For the game, Iowa ran 76 plays to just 39 for Maryland. The Hawkeyes had possession for 40:55 to 19:05 for the Terps, including a wildly disparate margin of 13:55 to 1:05 in the opening quarter.

“Obviously we didn’t play on offense with the same soundness,” Canada said. “We only had three [full] drives in the first half. The first one ended in a bad snap, the second one started with a penalty and the third ended with a turnover.”

Asked about the challenge of calling the right plays when your team has only 39 offensive snaps, a frustrated Canada said, “There’s nobody ever planning on having 39 plays on offense, right?”

Along with Hill’s interception, Pigrome’s fumble occurred after he collided with Cobbs on a botched jet sweep that started at the Maryland 10 late in the third quarter. The ball ricocheted into the end zone, where junior defensive end Anthony Nelson recovered it for a touchdown

Of the botched handoff, Canada said, “Completely unacceptable and disappointing, which is too bad for defense.”

The game — Maryland’s second straight away from College Park before an announced sellout crowd on its opponent’s homecoming day — was affected by blustery conditions, with winds whipping at more than 30 mph.

“The weather mattered today and both teams had to play in it, but they obviously managed it better than we did,” Canada said.

It was not totally on Maryland’s offense. The defense let the Hawkeyes gain 224 rushing yards on 52 attempts — including 98 on 24 carries by sophomore Ivory Kelly-Martin — and convert nine of 18 chances on third down as well as three of four on fourth down.

“Our objective is to get off the field on third downs,” Watson said. “Unfortunately — we understand when those long drives happen, that’s because we failed to do that and that falls back on us.

“Sure, offense getting first downs gives you breaks between them, but if we get ourselves off the field we’ll be in a better position throughout the game. Unfortunately we weren’t able to do that.”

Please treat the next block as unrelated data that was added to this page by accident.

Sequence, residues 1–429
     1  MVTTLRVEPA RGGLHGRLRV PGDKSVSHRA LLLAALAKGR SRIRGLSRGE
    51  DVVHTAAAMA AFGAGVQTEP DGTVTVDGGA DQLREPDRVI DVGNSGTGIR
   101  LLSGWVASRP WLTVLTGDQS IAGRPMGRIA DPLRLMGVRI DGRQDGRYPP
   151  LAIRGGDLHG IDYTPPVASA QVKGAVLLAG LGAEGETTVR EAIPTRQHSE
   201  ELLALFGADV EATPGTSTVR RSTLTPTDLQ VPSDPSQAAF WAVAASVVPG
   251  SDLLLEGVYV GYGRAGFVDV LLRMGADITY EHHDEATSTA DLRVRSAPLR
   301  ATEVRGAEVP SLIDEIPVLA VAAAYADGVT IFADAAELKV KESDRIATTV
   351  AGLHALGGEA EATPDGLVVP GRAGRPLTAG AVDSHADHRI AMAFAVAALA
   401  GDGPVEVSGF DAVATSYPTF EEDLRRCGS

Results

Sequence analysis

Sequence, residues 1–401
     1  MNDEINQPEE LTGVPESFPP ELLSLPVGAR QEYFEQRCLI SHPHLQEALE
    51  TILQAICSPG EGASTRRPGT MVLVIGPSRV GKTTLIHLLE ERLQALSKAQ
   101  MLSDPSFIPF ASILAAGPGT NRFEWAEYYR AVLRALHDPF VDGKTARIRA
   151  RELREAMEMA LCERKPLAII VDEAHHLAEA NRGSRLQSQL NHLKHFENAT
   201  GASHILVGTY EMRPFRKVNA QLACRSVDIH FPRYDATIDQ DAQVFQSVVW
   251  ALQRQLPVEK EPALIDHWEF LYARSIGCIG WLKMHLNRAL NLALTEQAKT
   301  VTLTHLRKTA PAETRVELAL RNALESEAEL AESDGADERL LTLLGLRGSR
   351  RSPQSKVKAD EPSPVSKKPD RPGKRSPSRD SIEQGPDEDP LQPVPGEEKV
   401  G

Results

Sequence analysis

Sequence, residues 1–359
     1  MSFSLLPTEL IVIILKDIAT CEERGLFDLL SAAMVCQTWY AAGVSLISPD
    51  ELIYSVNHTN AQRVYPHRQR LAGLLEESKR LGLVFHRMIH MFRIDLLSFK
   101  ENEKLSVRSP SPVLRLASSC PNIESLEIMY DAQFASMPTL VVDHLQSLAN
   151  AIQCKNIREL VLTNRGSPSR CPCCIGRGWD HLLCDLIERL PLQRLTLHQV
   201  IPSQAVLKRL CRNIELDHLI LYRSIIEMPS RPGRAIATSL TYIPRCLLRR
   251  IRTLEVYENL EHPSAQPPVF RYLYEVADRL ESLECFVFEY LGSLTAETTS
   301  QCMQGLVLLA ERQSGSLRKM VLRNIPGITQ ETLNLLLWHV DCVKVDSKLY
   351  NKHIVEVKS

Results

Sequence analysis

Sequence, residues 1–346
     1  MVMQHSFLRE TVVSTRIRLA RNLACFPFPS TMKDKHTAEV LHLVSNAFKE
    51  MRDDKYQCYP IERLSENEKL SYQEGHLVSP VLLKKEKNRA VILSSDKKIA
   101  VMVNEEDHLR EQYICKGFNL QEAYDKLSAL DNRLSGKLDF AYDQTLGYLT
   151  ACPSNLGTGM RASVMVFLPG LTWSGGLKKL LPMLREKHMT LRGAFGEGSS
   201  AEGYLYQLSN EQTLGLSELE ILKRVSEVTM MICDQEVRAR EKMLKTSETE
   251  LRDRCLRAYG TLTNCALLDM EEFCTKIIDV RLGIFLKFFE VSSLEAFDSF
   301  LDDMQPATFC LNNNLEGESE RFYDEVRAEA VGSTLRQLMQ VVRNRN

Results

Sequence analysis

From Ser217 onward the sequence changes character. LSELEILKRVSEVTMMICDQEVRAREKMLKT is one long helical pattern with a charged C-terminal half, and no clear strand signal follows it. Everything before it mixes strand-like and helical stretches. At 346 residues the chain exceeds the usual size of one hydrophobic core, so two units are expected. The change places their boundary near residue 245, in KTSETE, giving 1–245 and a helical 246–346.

Still needing two wins to become bowl eligible, Maryland returns to College Park for its next two games, Saturday against Illinois and Nov. 3 against Michigan State. If Maryland has been anything this season, it’s resilient.

But this week, the Terps could also have some unwanted distractions.

The University System of Maryland’s Board of Regents will meet Tuesday in Baltimore to discuss the findings of an eight-person commission looking into allegations of a toxic football culture under third-year coach DJ Durkin, who remains on administrative leave.

In a statement Thursday, the Board of Regents said it could release those findings within a week of Tuesday.

Asked how challenging it could be not knowing what will be announced and when, Canada said, “I think there’s a million answers to that question. I appreciate that question. The answer is, we’re going to get up tomorrow. We’re going to worry about the football game that we just lost. I’m going to do the best job I can do, which today wasn’t very good.

“But I’ll be better tomorrow and our kids are going to stick together tomorrow. We’re going to practice tomorrow. We’re going to turn the music up. We’re going to condition a little bit. Monday, they’re going to go to class. Monday, we’re going to come up with a better plan than we did today and that’s the answer.”

A reporter wanted to know what music the Terps will choose to help them prepare for their next game.

‘I don’t know,” Canada said, smiling for the first time. “Hopefully something I like. I might pick the music. That’s a great point.”